COVID-19 Immunisation For Children & Teens With Diabetes

COVID-19 Immunisation For Children & Teens With Diabetes

Young people with diabetes aged 12 years and over can have their COVID-19 immunisation now. When parents or caregivers make their own appointments, they can also make appointments for their children aged 12 and over. That means children can have their immunisation at the same time as their parents or caregivers.

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Why is immunisation against COVID-19 important?

Immunisation against COVID-19 is one of the most important tools we have available to:

  • help gain control of the current world-wide COVID-19 pandemic
  • prevent the emergence of new COVID-19 variants which may spread more easily

So far, worldwide adult COVID-19 immunisation drives are proving extremely effective at both:

  • preventing COVID-19 infection and
  • reducing severe COVID-19 symptoms and the need to spend tie in hospital

What stage is COVID-19 immunisation at in New Zealand?

All those aged 12 and over can have their COVID-19 immunisation now.

All those 12 years and over can have the COVID-19 vaccine now. This includes all children and young people with diabetes who are 12 years and over.

Children under 12 years of age cannot have COVID-19 immunisation at this stage.

Why immunise my child with diabetes against COVID-19?

Children can:

  • be infected with the virus that causes COVID-19
  • get sick from COVID-19
  • spread COVID-19 to others

There is some evidence that children with type 1 diabetes are at more risk of getting severe illness with COVID-19. 

The Paediatric Society Clinical Network for Diabetes recommends all children 12 years and over with diabetes should have the COVID-19 vaccine to help protect against COVID-19. Widespread immunisation is a very important tool to help stop the pandemic.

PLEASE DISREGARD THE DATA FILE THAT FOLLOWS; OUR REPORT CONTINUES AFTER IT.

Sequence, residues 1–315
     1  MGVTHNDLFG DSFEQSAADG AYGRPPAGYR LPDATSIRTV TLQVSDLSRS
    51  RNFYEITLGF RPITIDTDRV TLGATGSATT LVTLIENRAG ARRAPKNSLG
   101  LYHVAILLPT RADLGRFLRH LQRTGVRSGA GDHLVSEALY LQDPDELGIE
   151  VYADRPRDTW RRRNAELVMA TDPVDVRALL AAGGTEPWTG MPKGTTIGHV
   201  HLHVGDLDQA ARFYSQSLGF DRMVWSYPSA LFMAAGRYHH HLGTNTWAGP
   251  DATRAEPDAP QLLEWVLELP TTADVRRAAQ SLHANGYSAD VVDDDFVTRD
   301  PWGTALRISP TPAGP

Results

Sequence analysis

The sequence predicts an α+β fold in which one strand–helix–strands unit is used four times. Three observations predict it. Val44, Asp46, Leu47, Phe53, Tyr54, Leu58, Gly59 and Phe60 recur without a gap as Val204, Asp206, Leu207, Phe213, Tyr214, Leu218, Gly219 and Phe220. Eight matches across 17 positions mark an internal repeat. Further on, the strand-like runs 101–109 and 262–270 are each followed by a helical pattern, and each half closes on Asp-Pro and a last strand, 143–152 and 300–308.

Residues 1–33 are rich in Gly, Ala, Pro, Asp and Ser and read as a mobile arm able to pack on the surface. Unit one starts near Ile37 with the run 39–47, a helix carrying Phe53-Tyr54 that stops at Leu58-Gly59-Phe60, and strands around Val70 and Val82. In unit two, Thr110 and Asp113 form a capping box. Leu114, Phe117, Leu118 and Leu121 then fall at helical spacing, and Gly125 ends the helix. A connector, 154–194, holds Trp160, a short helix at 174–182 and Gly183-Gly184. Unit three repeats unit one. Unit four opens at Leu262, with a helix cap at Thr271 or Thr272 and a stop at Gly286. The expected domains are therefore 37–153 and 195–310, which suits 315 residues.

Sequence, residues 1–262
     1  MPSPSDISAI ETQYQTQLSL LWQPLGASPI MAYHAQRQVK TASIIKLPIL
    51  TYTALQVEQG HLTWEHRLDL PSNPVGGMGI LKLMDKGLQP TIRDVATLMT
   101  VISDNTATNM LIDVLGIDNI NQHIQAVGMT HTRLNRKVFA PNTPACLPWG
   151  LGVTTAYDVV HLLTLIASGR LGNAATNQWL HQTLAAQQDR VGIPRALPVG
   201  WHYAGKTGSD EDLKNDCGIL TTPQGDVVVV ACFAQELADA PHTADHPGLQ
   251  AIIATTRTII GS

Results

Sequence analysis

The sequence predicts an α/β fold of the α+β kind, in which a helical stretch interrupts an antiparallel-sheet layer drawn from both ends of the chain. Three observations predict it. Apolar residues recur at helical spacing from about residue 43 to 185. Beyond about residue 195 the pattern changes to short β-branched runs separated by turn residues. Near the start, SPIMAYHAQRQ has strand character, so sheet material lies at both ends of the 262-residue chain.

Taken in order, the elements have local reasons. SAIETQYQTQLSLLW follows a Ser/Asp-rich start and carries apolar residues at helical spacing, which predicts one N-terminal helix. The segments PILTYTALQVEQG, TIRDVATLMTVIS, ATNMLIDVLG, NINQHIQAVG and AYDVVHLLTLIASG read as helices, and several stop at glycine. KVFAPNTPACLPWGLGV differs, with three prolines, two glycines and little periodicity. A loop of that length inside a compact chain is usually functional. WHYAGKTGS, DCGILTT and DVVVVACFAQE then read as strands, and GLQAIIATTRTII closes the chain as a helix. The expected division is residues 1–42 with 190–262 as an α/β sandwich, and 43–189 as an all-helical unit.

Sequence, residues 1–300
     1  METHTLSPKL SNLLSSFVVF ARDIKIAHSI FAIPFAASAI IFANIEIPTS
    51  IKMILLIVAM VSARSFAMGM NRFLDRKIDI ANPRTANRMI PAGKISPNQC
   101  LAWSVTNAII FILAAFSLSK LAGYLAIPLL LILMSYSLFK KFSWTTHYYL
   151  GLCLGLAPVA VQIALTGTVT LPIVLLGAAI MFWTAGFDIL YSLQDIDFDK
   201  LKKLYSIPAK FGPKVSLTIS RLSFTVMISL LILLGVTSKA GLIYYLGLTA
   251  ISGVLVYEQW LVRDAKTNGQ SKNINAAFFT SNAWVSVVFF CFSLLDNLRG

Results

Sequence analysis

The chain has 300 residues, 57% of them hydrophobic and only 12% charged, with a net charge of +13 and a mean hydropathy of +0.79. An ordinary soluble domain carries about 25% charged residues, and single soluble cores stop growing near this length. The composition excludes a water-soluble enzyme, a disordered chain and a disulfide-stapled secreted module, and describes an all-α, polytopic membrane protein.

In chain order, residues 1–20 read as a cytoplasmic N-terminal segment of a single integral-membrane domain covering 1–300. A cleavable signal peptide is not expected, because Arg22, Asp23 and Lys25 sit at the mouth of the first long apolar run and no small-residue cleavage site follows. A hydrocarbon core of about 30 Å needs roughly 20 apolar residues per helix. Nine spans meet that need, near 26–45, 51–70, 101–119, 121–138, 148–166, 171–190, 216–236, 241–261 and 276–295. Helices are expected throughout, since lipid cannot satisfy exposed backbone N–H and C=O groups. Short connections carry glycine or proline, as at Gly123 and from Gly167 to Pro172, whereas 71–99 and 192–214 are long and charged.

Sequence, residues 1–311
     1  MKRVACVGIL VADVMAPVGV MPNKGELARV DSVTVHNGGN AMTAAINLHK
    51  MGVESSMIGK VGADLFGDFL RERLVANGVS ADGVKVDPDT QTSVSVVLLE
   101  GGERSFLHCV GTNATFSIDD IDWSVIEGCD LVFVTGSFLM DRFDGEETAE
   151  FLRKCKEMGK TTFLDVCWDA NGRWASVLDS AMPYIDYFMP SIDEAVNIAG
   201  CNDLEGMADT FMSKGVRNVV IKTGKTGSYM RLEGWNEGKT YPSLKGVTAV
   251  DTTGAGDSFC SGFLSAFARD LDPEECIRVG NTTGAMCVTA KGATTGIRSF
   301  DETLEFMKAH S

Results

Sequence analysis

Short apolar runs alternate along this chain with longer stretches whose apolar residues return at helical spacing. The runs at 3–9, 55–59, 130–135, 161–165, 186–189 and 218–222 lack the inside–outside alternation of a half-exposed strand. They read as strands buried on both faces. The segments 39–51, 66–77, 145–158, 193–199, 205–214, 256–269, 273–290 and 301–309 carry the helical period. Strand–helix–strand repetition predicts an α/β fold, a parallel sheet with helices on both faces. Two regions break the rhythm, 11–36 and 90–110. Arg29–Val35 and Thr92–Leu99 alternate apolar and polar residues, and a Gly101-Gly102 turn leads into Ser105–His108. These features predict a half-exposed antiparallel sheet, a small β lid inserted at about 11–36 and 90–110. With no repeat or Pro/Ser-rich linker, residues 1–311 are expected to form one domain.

Is it safe for my child with diabetes to have the COVID-19 vaccine?

Yes. Studies show that COVID-19 vaccines are safe and effective. Like adults, children and young people may have some side effects after COVID-19 immunisation. These side effects may affect their ability to do daily activities, but the side effects should go away in a few days. The risk of harm to children from COVID-19 infection remains much higher than the risk to them from vaccine side effects.

The Pfizer vaccine

  • is a messenger RNA (mRNA) vaccine
  • does not contain any live virus, or dead or deactivated virus
  • can't give you COVID-19
  • can't affect your DNA

Get the facts about the COVID-19 vaccine at the 'Unite Against COVID-19' website

Read about COVID-19 vaccines and diabetes at the Diabetes New Zealand website

Side effects

Like with any medicine, you might have some mild side effects 1 to 2 days after your immunisation. This is common, and a sign that your body is learning to fight the virus. For those who do feel uncomfortable or unwell afterwards, the suggestions at the 'Unite Against COVID-19' website are to:

  • place a cold, wet cloth or ice pack on the injection site for a short time
  • rest and drink plenty of fluids
  • consider taking paracetamol or ibuprofen

If you're taking paracetamol or ibuprofen, follow the dosage instructions. It is dangerous to give more than the recommended dose.

Where to get up to date information on COVID-19 immunisation

You can check the page on COVID-19 immunisation in children aged 12 and over

Please also see the 'Unite Against COVID-19' website for more details and up to date information on the COVID-19 vaccine.

Check the 'Unite Against COVID-19' website for the latest information on the COVID-19 vaccine

Acknowledgements

The content on this page has been approved by the Clinical Network for Children and Young People with Diabetes, Paediatric Society of New Zealand and Diabetes New Zealand. 

This page last reviewed 28 October 2021.

Call Healthline on 0800 611 116 any time of the day or night for free health advice when you need it